2016 inequality, mourning and fear

And so 2016 ends, with more loss of life and more fear. Some hard images to process in our minds, there are the faces of the children who have seen too much in Aleppo, the sinister black lorry where there was a happy Christmas market. And the disturbing feeling that we are losing the ability to mourn. For Aleppo because we do not seem to have any solutions. For those who have lost their lives in Berlin, because we are so full of fear. And that the fear is not just of further attacks, which we are now almost used to expecting, but also of the horrible and cruel political opportunism that follows and of how it replicates too closely the antecedents for the horrors from which we should have learned last century.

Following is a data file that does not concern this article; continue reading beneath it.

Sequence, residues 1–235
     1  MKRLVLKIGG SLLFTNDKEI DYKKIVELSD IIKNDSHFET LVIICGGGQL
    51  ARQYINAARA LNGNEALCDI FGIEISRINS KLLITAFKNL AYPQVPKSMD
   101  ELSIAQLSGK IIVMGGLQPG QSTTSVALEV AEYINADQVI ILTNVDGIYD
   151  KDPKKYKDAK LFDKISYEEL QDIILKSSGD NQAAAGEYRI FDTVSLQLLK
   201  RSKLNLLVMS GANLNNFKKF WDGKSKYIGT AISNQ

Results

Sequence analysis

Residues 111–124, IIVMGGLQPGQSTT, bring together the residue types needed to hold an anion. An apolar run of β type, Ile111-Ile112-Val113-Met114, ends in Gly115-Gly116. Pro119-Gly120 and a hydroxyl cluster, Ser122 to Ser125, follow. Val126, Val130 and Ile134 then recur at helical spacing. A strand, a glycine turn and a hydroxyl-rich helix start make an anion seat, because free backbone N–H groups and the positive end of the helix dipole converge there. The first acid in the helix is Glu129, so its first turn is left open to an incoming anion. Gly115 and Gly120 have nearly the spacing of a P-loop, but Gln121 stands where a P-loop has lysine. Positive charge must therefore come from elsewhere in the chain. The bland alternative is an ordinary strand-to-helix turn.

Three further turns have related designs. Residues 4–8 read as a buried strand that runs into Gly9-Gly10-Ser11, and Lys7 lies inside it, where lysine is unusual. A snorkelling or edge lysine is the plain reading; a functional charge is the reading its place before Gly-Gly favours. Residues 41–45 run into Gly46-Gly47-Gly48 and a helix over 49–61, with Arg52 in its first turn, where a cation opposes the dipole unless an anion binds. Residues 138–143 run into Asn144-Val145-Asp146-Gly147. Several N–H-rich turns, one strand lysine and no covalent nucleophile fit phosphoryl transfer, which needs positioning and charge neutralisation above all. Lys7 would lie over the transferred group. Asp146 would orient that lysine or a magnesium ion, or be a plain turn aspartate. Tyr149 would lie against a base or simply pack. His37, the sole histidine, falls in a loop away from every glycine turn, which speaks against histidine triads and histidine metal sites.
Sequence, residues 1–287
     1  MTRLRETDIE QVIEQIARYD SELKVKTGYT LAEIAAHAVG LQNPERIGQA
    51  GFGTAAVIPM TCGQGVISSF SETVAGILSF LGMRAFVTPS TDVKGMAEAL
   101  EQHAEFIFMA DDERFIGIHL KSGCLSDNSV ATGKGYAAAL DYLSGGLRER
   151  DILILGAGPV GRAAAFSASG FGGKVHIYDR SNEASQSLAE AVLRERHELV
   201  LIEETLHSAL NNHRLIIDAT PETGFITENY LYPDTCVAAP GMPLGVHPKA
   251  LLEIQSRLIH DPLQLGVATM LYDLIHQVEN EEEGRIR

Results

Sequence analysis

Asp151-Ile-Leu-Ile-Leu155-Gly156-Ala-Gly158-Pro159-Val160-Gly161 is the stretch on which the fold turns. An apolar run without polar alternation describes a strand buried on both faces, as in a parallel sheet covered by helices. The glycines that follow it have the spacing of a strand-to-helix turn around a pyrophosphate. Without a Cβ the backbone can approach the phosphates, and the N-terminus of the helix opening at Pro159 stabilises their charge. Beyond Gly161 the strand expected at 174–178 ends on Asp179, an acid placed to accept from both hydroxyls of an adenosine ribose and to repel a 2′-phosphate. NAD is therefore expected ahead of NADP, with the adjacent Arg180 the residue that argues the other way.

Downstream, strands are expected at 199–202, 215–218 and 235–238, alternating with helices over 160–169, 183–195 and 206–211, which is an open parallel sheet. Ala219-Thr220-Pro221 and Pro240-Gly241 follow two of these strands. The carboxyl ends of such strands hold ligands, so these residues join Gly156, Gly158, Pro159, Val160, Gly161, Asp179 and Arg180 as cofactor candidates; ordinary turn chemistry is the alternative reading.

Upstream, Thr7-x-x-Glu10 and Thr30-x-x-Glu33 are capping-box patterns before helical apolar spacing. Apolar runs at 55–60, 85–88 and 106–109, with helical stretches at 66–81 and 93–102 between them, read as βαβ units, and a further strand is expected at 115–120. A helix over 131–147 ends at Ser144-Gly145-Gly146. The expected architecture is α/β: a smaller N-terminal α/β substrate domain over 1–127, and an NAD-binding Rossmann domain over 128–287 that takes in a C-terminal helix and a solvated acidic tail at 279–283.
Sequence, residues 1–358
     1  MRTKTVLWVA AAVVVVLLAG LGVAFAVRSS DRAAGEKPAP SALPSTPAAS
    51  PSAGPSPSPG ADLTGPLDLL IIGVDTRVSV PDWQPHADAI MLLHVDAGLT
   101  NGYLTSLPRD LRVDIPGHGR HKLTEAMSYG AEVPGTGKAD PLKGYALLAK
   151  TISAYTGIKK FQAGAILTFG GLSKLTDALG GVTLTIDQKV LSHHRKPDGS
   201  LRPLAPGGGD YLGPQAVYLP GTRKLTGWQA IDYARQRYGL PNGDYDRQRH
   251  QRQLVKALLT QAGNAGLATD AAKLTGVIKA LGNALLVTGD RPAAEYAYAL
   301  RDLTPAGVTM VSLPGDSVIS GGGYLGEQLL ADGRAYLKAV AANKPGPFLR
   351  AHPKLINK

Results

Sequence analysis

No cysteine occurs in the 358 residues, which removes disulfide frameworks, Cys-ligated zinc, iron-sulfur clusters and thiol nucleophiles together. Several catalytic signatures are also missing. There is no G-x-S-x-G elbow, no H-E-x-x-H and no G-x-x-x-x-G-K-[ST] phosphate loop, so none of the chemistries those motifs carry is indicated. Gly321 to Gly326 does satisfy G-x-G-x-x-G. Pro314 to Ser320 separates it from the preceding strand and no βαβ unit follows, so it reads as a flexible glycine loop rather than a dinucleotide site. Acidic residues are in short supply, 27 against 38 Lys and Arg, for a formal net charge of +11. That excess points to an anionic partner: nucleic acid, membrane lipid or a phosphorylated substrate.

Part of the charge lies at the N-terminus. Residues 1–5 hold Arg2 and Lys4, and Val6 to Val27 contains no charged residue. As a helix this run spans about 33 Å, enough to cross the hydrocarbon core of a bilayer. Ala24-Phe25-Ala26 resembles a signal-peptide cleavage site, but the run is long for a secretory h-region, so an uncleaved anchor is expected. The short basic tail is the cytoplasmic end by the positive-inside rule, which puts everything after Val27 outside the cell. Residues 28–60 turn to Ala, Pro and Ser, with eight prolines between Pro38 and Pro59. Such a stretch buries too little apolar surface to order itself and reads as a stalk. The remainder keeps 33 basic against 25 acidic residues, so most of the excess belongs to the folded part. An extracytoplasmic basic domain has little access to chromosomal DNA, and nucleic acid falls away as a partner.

Very simplistically, it seems that 2016 has brought to the surface, in all its ugliness, what looks like a sociology textbook illustration of the reaction to the astonishing worldwide growth in inequality. Social unrest, wars, mass migrations… And the scapegoating of ethnic minorities. Perversely, this is skillfully used by those have benefited most from inequality to further their power.

It is nearly Christmas, the time of celebrating a very humble birth that brought a message of love and peace to the world, and also a call for social justice. So here is a wild hope for 2017: that it will be the year when we really start to understand that a more equal world is not just a nice ideal, but a real necessity, at least for 98% of the world’s population.

Yours truly,

an unreformed idealist.

 

 

 

 

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